This weekend was fine too: we road bicycles and I ran. We went to Costco. I saw a very good film on BBC4 called 'The Market: A Tale of Trade'. It was a Turkish movie, in Turkish, obviously. Just a fabulous ending. Nothing is ever resolved in real life, why do we demand it of films? I like it when I'm left pondering something at the end.

I traded emails with my supervisors about my data set and I think I managed to make a case for it, one that they even find compelling at this point, which is a shock. And then I saw a job in the US that I could do, no problem. A teaching position at a small university in Statesboro, GA. I looked at Statesboro on Google maps and felt the pull. There was a Wendy's. Wendy's is a place you could just go to, I thought. How bizarre. I asked Yoko which she preferred, America or Japan. She thought for a second and said, 'Europe.' Well, me too. I guess. I would be happy in Statesboro for about a day and then I would start getting fat, find the job suffocating, and hate the boredom of life there. But it flickered in my mind a bit.

My weight loss chugs along and I am empowered to finish this time. I realised that in the past, I have just stopped my diet, but this time I am going to finish. The important thing to decide now is what that means. I think it means that I would like to be between 74-76 kgs. My average, not just hitting it once. I will do that first based on my morning weight, and when I achieve that, I will shift it to my weight after having dinner, which is usually between .5-1 kgs above my morning weight. I have to make it through my trip to Aberdeen without going crazy (already planning how this will happen) and then going to Spain. If I make it through the Spain trip and teaching the Friday afterwards without falling off the horse, I will have arrived.

I should also mention I will certainly be in Chicago for the Religion and Spirituality in Society conference in February. Got the okay from my supervisors and think it will be worth my time. Plus, I'll be home for my mom's birthday — first time in like eight years.

20 August 2010

Full speed ahead

I thought August was going to be a quiet month for me as far as my research went, but so far, it has been anything but.

After the initial frustration of not getting the essays to mark from Birmingham in the first week, I have gotten some of my 和 (wa) back: that is, I was able to focus on other things. This included revising my Language@Internet article, which has now been sent off and I feel positive about. Even if it doesn't get into that journal, the work that I have done with it will allow me to send it elsewhere. I also am getting close to finishing the article I am writing from my pilot study, and as I said before, I will be sending it to a big journal. It's good though: I have been looking carefully at another article from the same journal based on the same sort of analysis I am doing with a different dataset. I think I will be able to make a case for it, but we'll have to see. That will be done by next Friday.

I had a meeting with my supervisors on Wednesday that went really well too. Well, it started off a bit unnerving when we were talking about the end of my studies coming very quickly and what, pray tell, what I planning on doing after my PhD. Teach? Teach at a university? My one supervisor suggested I save up some money in case I can't get a job and I have to support my family for three or four months while I wait for my viva. No, I said, I will be on a plane to Japan well before that. I don't have family here. Don't have leave to stay indefinitely. No, if the shit hits the fan, we will have to go elsewhere.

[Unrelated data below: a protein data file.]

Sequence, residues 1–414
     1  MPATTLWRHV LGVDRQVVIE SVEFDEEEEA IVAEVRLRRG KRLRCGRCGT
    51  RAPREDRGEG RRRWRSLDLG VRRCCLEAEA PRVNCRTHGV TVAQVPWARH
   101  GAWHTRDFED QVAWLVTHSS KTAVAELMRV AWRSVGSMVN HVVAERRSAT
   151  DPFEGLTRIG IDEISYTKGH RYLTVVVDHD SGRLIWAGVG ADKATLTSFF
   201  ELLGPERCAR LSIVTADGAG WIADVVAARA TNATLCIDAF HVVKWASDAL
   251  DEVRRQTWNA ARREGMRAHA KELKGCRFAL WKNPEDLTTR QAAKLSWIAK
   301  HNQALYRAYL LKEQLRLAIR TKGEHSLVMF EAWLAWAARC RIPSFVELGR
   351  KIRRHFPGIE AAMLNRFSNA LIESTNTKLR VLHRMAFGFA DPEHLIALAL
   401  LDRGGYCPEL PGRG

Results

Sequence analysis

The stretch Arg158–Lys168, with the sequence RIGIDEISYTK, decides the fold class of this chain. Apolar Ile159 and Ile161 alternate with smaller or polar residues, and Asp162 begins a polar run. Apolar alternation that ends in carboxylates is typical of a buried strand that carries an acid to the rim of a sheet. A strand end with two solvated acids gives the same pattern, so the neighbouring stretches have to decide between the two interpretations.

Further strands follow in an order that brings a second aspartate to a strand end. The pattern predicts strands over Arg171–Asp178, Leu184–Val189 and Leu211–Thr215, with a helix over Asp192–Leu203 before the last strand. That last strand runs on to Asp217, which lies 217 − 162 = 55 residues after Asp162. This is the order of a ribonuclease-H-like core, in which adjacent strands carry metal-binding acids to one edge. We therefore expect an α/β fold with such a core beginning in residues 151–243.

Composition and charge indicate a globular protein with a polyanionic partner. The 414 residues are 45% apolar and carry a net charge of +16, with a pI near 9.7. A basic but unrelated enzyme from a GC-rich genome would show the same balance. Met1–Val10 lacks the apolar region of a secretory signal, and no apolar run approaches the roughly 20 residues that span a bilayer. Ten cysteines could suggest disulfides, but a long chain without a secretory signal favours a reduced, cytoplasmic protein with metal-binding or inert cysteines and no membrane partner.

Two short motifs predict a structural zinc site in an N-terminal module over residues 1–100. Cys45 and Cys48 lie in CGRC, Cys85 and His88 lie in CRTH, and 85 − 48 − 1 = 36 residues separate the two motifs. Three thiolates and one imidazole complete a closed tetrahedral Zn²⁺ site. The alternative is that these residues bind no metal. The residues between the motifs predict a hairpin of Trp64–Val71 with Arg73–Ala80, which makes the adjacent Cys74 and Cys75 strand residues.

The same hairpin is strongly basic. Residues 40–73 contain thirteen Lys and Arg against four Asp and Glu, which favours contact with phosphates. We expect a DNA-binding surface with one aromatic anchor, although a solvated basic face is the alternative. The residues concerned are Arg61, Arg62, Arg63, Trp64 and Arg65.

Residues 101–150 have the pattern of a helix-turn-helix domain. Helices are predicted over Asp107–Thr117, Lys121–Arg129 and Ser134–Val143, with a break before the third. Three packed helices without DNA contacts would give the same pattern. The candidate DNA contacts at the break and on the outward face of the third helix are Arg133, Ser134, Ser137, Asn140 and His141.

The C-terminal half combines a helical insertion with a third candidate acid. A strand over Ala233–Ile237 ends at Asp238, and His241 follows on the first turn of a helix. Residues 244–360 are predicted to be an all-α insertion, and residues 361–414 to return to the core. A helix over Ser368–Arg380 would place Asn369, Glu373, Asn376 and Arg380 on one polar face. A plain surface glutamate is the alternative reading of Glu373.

Well, she said, hope for the best, prepare for the worst--Very good advice. I have stockpiled ammo, canned beef, and salt tables. We are also raising chickens to kill, if need be.

Well, then yesterday I had a very big breakthrough in thinking about my dataset. I had been looking at sort of loose connections between videos based loosely around how people were distinguishing between real and fake Christians (as they are called) or the religious vs. the saved. This was all fine and good, but I was having a had time seeing connections, meaningful, demonstrable, empirical connections between videos. I had one from February 2009. One from June 2009. One user appearing to respond to another user after three months. Very disjointed.

But I remembered an episode where the main person I am watching called some atheist 'human garbage' in anger, but it was a term he stood by and defended from scripture. Anyway, the initial video was gone, but all the videos around it, and his defensive of it again and again, were still up. The search term 'human garbage' gave me about 20 videos and looking around got me another 6 at least, meaning that I have the corpus of videos I need, I have direct connections between videos (as the use of the term ties them together), I have responses and responses to responses, I have atheists and Christians disagreeing and reinterpreting things, and I have people (atheists and Christians) quoting scripture to each other to defend themselves. I have the issues going away and re-emerging as something else. I mean, I have everything I want in a dataset, but mostly, I have a dataset that I can defend very easily as being tied to this term 'human garbage' that is both a category and a metaphor.